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The future of coaching discussion will return next week

Thursday, November 14
, 2002 

ear Today's Coach Reader:

Are you confused about which 'niche' to go into?
Are you wondering how to brand yourself?
Are you trying to decide how to package yourself?

In my view, all of these are the wrong questions...

Please, let me explain...

Marketing guru Dean Jackson woke up all of us at the Full Practice Marketing Conference in San Diego last week (318 coaches) with his approach to marketing, especially via the web.  And, given Dean is one of the top earners on the web, it makes sense to hear him out.

Dean's view?

Focus 100% on the person you wish to reach.

Not by trying to explain who you are, i.e.,
The Executive Coach
The Relationship Coach
The Evolution Coach
(That's all about you and your specialty.  Two problems with that, according to Dean.)

First limitation of above is that it's about a broad category (executives, relationships, evolution).  It's like going to the store and asking for dessert instead of German Chocolate Cake.

Second, it's about you (coach) instead of about the person visiting your site or who you are speaking to.  Dean says that people don't care who you are; they only care what they can get from you (it's not personal; it's just life/business).

Dean suggests that you describe to your prospective clients who they are and what they are facing/going though.

Here are a couple of examples of this approach...

Example #1: Have a very specific solution to what someone is very specifically going through...

Below is a screenshot of Dean's entire website  (visit
1. It looks really plain
2. It brings in high six figures annually
3. It's not about improving your marriage, offering relationship services, or legal assistance. 
4. Rather, it's about one thing -- very, very, very, very specific -- called stopping a divorce.

Simple, clean, direct, specific.

visit entire site at 

The point here is that when a person comes to this site, they KNOW this info/ebook is for them. There is NO doubt.

Now, if Dean wanted to, he could also start a website/ebook on:

--Starting Your Divorce
--Living Together Blissfully and Never Getting Married
--Accelerating Your Divorce
(yes, there are various websites on these)

See the point?

1. Don't be afraid to be really specific.
2. Make it situational.
3. Mention yourself/abilities only in the context of the clients you have helped.

The trick is to have multiple websites or pages so that when someone is searching on the internet they come to the PERFECT page for them. NOT a "nice page about improving your relationship."

Example #2.  Target toward a very specific type of person and show them that you really know and understand them.

Here's a different approach.  Here's a coach (me, actually) who targets a particular type of person/client.  (Full disclosure: Actually, I'm not targeting them right now because I run CoachVille but if i went back into private practice, it's who I would target).

Visit the website at to see the cool moving logo/Flash file.  And, below is the drop-down menu which outlines some of the situations/problems/feelings that this type of person would typically experience. I'm speaking to THEM via this.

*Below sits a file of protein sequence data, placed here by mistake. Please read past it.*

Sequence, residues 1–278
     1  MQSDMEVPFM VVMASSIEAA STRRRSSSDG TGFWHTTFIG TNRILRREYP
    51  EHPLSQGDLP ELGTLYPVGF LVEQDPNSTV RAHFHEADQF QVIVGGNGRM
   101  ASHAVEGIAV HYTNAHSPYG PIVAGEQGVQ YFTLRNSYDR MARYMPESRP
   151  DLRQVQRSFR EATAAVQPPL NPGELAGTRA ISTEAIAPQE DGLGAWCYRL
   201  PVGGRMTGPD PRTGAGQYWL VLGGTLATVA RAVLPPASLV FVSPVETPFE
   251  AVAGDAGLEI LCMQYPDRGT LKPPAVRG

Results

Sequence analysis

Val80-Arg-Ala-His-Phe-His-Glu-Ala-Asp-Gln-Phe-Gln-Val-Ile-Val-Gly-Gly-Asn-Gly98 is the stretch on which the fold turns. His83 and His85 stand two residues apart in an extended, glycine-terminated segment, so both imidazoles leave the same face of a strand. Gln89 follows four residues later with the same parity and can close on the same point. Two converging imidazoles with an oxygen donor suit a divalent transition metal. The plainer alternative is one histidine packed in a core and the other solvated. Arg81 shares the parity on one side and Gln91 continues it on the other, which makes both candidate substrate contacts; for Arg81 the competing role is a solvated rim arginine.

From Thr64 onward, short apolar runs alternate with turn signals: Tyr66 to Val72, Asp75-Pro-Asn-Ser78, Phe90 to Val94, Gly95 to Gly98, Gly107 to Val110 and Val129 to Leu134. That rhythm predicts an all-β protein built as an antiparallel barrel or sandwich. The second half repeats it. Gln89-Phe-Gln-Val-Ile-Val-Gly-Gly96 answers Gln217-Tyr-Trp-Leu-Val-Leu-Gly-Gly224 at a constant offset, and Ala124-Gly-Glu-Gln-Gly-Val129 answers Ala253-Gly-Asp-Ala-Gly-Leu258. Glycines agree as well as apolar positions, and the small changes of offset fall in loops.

Got any of these genius problems?


When my ideal client reads this, they KNOW I know them. I don't have to say I know/understand them. This list 'proves' it.  Credibility is immediately established.  And, by having multiple situations, I don't have to have a separate website for each problem.

When the visitor clicks on 'click for solution' I would have a brief description of what causes each of the situations described as well as how I generally coach folks around/through these.  (Don't be afraid to give away your tricks/strategies -- clients will hire you anyway, and even more so.) I would then invite them to Instant Message, call or email me to get started.  

Bottom line...

Above are just 2 examples of how to target a specific market. And, there are many successful ways to build a website and to target your ideal clients.  You CAN do the traditional approach of being a relationship coach, etc. You can benefit tremendously from branding.

And, start first with identifying 1, 5 or 15 types of clients or client situations that you want to help people through as a coach.   And, be very, very specific.

Want more?

We cover this, and 36 more marketing strategies, at the Full Practice Intensive.  Details at Upcoming cities include Vancouver, Chicago, New York, London (England) and Atlanta in the first part of 2003.

And, soon, we will include this in the new School of eMarketing curriculum (Feb 2003) that is now part of the School of Coaching bundle -- all schools for $1795 until June 1, 2002, when it all jumps to $4495. Details at

I hope that this was useful. It was fun to write because I see/believe in the effectiveness of this approach.  


Thomas J. Leonard

Note:  The Future of Coaching Series will return next week (really!)

Personal Note:
Wild time in San Diego last weekend with 318 coaches, Dean Jackson, Steve Straus, Richard Reardon, Susan Austin and Ginger Cockerham who made the Full Practice Intensive a success. It was one of the highlights of my professional career.  Now, on to Atlanta and Denver for the Certified Coach Intensive; then to Seattle and Ft. Lauderdale after Thanksgiving.  Then a break.  

Enjoy your week.



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